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Warren Commission Hearings: Vol. I - Page 491« Previous | Next »

(Testimony of James Herbert Martin)

Representative Boggs.
Did you ever have any reason to believe that she was anything other than what she appeared to be, namely an ordinary housewife who had come to this country as the wife of an American whom she married?
Mr. Martin.
Looking back on the whole picture, she doesn't seem quite right. I mean she doesn't fit.
Representative Boggs.
What do you mean by that?
Mr. Martin.
As a mother and a housewife. She is too cold for one thing.
Representative Boggs.
Cold in what way?
Mr. Martin.
Emotionally. This thing, I don't know whether it is the Russian woman or what, but this thing would have terrifically upset an American woman, and she was not very upset at all.
Representative Ford.
Not upset about the assassination?
Mr. Martin.
About her husband.
Representative Ford.
About her husband's subsequent death?
Representative Boggs.
Well now----
Mr. Martin.
She was to a degree. But it didn't ring true.
Representative Boggs.
So what do you mean by that. Do you mean that because of her coolness under very terrific--very difficult conditions and a very difficult situation, that maybe she was not just what she appeared to be, and if not, what do you think she was?
Mr. Martin.
I have no idea. It is the way she treated, the way she treated contributions for instance; someone would send a dollar, I don't know, maybe it was her last dollar, and she would look at it and throw it aside and say, "Oh, it is just a dollar." And John Thorne and I kind of built up an image for her or of her, for the American public, and she is not exactly as we picture her in the news articles.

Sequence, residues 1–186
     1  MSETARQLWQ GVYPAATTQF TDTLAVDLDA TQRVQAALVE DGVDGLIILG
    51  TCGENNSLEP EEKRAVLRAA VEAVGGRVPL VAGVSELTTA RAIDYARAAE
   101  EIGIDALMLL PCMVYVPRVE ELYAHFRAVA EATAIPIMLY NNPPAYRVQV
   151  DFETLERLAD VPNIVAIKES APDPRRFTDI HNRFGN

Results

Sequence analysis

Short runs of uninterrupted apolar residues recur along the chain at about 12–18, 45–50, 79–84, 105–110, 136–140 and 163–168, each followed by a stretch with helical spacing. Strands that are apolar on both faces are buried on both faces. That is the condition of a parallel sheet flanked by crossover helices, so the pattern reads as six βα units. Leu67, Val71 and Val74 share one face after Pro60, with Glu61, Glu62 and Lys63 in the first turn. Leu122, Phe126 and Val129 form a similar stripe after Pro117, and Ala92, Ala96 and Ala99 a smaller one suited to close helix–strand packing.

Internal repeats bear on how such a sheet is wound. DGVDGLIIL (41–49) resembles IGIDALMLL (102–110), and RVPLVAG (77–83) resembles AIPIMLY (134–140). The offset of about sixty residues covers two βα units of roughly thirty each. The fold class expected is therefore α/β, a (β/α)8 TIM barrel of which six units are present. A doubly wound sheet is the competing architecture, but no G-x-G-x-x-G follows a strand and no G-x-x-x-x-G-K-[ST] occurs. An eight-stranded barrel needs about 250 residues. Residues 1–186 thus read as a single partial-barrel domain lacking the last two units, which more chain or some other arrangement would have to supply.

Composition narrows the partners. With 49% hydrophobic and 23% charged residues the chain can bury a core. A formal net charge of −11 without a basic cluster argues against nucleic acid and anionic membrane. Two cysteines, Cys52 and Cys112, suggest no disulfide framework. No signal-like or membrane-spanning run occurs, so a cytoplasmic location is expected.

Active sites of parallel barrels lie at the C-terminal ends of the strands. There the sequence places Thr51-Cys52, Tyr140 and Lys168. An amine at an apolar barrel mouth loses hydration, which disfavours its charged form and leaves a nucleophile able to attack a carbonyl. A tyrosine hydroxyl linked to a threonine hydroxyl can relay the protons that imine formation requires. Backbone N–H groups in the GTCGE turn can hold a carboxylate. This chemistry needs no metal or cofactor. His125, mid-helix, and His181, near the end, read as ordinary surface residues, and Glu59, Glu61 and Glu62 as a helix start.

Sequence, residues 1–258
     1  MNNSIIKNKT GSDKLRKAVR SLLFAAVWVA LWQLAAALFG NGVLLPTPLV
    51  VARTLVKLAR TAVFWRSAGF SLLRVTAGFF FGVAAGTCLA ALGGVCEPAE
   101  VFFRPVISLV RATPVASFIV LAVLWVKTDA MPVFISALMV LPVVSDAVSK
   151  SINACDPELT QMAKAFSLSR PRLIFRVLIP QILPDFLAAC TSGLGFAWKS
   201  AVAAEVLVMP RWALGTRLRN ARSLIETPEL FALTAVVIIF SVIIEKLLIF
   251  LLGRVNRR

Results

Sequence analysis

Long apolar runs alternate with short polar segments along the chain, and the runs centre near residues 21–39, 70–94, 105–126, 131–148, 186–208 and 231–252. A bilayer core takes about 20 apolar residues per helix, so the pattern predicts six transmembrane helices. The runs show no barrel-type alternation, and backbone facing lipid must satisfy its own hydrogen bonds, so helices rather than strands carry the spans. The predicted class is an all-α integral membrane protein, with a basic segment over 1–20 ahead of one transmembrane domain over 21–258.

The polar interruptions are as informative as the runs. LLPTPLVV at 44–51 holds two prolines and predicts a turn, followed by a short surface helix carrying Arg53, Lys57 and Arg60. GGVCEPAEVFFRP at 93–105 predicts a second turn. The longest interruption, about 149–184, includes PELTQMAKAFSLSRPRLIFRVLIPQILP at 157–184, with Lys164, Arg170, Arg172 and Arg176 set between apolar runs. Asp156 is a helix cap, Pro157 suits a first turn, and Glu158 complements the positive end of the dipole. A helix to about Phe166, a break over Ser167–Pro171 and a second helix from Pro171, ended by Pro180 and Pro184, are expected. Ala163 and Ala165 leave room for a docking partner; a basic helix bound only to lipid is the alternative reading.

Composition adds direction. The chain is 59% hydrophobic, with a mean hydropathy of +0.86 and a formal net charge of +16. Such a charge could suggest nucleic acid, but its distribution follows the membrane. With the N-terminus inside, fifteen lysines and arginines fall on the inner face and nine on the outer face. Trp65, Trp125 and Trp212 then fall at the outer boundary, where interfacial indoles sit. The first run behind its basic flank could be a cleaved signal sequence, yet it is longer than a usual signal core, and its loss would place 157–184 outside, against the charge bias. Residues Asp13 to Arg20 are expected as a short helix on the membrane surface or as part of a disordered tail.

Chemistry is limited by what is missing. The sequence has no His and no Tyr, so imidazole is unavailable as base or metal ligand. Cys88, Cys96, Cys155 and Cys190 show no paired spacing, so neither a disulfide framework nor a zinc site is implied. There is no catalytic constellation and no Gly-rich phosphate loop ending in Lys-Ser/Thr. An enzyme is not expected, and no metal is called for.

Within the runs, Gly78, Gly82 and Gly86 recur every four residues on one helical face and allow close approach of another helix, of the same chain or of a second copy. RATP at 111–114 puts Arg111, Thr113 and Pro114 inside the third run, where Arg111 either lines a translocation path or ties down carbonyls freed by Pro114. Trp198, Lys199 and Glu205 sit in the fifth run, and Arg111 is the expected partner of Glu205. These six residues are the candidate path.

Mr. Redlich.
Would you spell that out in more detail?
Mr. Martin.
Well, for one thing, I recall instances that she read the Bible every day, she didn't crack a Bible. She got up between 10 and 11 o'clock every morning. The only household chores she did was wash the evening dinner dishes, and occasionally she would vacuum.
Representative Boggs.
This may be attributed to lack of energy or laziness.
Mr. Martin.
Well, yes, that is true. But she is not a humble person at all.
Representative Ford.
Did you ever see her cry or show any comparable emotions?
Mr. Martin.
No. The closest I ever saw her to really showing any emotion at all was when, it was about a week after she had been there, she saw a picture, of Jackie Kennedy's picture--a picture of Jackie Kennedy, I don't know whether it was Life Magazine or what.
Representative Boggs.
Did she ever do anything or say anything that would give you any reason to believe that maybe she was part of an intelligence system?
Mr. Martin.
No. Although I have wondered about it since.
Mr. Redlich.
Since when, Mr. Martin?
Mr. Martin.
Well, this whole thing, since I got into it. This whole thing seems to me like I have been kind of made a patsy. Robert Oswald wouldn't take her in right after this incident because he was afraid of what might happen, might or might not happen.
The Fords also expressed the same opinion.
Mr. Dulles.
What do you mean by the same opinion?
Mr. Martin.
That they wouldn't have taken her in at first. Mr. Ford expressed the opinion that he was afraid of what the public reaction might be and he didn't know what to think.
We took her in with the full knowledge that anything could happen, and anything might happen, and it was done strictly on an altruistic basis at first, and then this manager thing came in which I wish it hadn't at all.
But be that as it may, it has happened, and things have been turned upside.
But then as soon as the Secret Service was pulled off then Robert insisted that she move from my home to his home, and start proceedings to cancel the contracts that are in existence. She was up there--she came back to the doctor on a Tuesday after she left our home, and stopped in at the house and said she wanted to come back to live with us.
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